“Never Look Away” is an absorbing three-hour journey into the life of German painter Gerhard Richter that follows him from a boyhood trip to the 1937 Nazi exhibition of “Degenerate Art” to the first major exhibition of his neo-realistic paintings in 1966.
Richter’s story collides with the two pivotal events in 20th century Germany -- the rise of Nazism and World War II and the Soviet takeover of East Germany, where the Richters lived, just outside of Dresden -- making it personally, politically and culturally riveting.
Written and directed by Florian Henckel von Donnersmarck, who won the 2006 Best Foreign Language Film Oscar for his intense post-war East German drama “The Lives of Others,” “Never Look Away” is masterfully told, combining elements of life under the Nazis and the communist regime with Richter’s life, from his wartime family tragedy in the horrors of extermination hospitals through his Socialist Realism artistic training under communism, his relationship with his wife and his escape to the West.
“Never Look Away," however, isn’t being promoted as a biopic. The painter at its center is named Kurt Barnert, some of the key details of Richter's story were altered and the paintings were created by a former studio assistant not the artist himself.
Nonetheless, the notoriously secretive Richter has tried to distance himself from the movie, telling artnet News that von Donnersmarck did not go far enough in concealing details of his life that he'd revealed in their conversations -- which, to me, makes it seem like “Never Look Away” is, in fact, a fairly accurate reflection of Richter’s life.
The young Kurt is played by Cai Cohrs, a watchful child who is drawing nudes of his beloved aunt Elisabeth (Saskia Rosendahl) at age 5 or so -- and who never forgot the admonition of her instruction that gives the film its title.
She is young Kurt’s guide through the show of modern art that failed painter Adolf Hitler despised. And the boy falls for the abstraction of Wassily Kandinsky and works by Paul Klee and Otto Dix.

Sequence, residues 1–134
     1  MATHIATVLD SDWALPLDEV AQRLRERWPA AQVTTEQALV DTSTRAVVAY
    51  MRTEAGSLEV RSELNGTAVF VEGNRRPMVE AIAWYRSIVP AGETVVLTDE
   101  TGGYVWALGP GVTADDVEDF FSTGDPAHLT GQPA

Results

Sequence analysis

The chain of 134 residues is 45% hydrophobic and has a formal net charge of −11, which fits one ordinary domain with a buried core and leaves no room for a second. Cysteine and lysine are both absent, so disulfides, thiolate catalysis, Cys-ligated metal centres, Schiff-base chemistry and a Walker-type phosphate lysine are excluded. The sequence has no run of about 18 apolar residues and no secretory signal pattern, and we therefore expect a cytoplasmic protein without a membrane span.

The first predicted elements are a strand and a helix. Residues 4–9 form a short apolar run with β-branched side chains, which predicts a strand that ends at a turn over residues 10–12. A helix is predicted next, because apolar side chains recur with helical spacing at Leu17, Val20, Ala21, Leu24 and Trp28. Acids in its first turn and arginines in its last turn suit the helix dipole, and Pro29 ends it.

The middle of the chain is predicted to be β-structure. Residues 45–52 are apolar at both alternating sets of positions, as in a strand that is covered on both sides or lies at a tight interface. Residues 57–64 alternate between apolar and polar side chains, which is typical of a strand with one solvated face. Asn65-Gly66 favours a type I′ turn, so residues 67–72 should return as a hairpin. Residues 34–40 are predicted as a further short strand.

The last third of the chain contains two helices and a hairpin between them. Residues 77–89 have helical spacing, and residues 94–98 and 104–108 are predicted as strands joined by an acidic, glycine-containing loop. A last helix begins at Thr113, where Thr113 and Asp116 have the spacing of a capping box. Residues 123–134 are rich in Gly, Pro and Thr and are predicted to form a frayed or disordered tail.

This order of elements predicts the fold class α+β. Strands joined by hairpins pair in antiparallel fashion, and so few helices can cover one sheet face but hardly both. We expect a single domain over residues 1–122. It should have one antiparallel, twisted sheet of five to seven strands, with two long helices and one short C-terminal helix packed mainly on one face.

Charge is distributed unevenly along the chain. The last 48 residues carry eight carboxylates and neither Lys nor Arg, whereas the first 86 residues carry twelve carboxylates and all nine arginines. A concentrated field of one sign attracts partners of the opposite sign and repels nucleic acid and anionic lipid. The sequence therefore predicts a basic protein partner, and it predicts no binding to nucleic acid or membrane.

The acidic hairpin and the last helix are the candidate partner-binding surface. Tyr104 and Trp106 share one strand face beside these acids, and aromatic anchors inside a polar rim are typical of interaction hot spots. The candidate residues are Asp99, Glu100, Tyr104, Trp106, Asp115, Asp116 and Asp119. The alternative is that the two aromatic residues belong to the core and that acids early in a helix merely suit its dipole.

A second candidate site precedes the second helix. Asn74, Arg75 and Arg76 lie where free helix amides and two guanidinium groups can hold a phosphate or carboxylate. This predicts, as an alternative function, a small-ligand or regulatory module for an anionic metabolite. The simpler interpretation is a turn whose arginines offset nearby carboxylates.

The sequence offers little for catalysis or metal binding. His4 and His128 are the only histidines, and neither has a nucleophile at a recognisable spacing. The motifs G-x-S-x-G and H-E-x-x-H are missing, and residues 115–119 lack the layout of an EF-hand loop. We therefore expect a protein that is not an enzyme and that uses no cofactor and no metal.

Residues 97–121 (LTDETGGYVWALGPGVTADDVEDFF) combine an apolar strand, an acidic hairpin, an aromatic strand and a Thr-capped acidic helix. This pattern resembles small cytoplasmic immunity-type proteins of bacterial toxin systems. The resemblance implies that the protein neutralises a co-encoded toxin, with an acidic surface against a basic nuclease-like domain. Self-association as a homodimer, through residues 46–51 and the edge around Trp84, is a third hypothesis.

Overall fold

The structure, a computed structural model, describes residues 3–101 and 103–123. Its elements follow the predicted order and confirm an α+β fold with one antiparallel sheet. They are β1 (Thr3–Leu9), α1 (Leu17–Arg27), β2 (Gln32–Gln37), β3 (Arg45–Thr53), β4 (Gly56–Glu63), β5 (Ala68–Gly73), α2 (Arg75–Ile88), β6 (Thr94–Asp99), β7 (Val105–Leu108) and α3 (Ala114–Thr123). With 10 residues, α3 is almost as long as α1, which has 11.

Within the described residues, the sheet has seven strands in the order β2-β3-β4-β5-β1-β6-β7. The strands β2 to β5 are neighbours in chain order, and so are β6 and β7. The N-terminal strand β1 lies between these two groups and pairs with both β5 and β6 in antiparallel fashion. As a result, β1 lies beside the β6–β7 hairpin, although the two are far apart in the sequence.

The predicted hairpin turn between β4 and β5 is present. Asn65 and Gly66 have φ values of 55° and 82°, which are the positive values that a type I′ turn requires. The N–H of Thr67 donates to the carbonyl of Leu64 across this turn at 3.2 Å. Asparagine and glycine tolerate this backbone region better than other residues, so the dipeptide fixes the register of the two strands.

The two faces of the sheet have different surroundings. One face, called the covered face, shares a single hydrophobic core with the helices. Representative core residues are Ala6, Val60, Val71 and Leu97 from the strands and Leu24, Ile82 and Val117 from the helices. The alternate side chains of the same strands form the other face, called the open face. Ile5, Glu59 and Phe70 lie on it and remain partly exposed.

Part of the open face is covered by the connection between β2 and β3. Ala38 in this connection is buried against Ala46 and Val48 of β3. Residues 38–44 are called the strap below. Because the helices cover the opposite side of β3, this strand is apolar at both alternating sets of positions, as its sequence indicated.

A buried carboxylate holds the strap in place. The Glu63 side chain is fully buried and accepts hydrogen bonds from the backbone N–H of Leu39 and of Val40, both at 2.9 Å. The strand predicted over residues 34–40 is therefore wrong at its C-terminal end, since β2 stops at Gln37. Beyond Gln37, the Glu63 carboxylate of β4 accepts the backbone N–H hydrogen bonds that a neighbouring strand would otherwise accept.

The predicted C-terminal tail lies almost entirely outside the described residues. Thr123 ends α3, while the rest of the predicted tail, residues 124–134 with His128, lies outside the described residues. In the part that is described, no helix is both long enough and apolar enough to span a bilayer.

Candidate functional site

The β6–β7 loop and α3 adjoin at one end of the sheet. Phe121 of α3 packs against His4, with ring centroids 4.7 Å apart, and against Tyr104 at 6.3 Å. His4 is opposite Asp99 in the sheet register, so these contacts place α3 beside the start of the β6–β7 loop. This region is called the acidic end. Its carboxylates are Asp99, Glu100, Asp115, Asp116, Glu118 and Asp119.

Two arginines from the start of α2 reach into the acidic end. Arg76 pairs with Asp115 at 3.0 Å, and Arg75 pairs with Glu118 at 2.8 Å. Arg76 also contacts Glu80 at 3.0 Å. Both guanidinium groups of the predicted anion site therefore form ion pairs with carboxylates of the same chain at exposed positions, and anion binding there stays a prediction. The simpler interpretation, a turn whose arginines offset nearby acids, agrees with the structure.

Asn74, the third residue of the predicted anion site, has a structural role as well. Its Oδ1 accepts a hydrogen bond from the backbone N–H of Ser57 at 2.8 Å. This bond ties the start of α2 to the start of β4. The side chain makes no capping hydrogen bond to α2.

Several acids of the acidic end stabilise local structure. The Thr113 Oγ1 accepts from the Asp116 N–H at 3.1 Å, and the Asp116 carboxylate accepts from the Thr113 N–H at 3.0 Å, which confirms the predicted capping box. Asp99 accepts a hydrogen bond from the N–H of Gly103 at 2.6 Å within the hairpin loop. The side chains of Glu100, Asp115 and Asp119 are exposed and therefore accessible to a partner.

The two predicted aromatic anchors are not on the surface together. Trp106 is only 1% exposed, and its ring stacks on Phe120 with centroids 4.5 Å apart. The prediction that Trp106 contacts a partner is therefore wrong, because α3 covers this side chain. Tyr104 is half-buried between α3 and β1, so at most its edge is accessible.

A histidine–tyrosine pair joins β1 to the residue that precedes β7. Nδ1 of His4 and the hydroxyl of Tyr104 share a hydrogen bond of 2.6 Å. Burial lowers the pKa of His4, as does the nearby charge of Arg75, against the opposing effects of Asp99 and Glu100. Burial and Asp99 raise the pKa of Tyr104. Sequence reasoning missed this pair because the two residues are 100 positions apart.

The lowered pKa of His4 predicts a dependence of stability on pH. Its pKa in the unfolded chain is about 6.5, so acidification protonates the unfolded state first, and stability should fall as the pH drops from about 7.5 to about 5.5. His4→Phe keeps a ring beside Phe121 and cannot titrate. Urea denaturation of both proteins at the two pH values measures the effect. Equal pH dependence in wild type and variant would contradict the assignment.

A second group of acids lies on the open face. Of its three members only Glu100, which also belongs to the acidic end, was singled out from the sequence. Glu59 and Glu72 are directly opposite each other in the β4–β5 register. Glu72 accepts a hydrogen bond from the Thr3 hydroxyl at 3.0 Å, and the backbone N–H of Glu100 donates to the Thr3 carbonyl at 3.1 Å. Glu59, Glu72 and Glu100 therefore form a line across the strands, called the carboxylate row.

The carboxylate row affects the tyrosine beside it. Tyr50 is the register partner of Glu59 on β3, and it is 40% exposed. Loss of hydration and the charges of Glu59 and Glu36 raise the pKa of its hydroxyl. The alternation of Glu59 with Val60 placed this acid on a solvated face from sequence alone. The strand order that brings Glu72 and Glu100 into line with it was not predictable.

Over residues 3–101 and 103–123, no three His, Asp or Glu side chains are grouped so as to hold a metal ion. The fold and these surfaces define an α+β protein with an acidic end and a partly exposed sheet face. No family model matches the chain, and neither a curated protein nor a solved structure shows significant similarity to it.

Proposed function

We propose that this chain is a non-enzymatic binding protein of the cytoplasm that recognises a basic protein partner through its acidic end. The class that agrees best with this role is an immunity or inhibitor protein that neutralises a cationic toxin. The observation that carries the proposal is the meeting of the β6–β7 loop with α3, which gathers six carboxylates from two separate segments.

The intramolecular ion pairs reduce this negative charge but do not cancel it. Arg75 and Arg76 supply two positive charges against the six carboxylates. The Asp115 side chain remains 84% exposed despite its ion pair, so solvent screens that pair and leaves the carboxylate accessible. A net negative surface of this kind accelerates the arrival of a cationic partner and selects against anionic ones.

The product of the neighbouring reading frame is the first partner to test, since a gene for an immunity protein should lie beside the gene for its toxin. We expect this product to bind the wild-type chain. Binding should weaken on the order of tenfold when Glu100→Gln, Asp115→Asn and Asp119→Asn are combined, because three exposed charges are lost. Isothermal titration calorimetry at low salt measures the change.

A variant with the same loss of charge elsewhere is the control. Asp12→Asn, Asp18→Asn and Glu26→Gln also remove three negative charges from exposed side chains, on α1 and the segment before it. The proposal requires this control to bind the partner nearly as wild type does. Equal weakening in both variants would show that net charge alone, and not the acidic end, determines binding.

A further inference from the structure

Told to hush up about his love for that art, Kurt continues to draw as he endures World War II and witnesses the Allies devastating bombing of Dresden.
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Then, as a young adult, he begins his “art” career as a sign painter whose talent is recognized, and he’s sent to art school, where he’s clearly the best painter of the lot -- even trapped in the realistic propaganda that he is forced to paint.
It is at art school that he meets Elisabeth, who he calls Ellie (Paula Beer), who would become his wife.
To avoid revealing far too much, the other key character that Kurt encounters throughout his life is Professor Carl Seaman (a very good, if hateable, Sebastian Koch), who is a Nazi, gynecologist and hospital administrator.
After Kurt makes his way to the West, the movie shows, with plenty of humor, Dusseldorf’s Kunstakademie, where performance art, “happenings” and conceptual art were all the rage, because as students say, painting is dead -- one of the first of the form’s multiple passings over the last 50 years.
It is also there that Kurt encounters Antonius van Verten (Oliver Masucci), a teacher at the school who is obviously modeled on Joseph Beuys,
Von Donnersmarck masterfully spins the story together, so much so that the picture never feels long, and cinematographer Caleb Deschanel, who was Oscar-nominated for his work, creates a visual masterpiece, both hard and soft-edged, reflecting in a sense the paintings that fill the final scenes -- blurry reproductions of old photographs.
As Kurt/Richter discovers that visual approach, “Never Look Away” becomes as vivid and emotional a portrayal of an artist finding his or her voice as has ever been seen on film, conveying a breakthrough with a rich realism.
And that is the final impression of an masterful film about the extraordinary life of one of the 20th century’s greatest painters, whether Richter wants to admit it or not.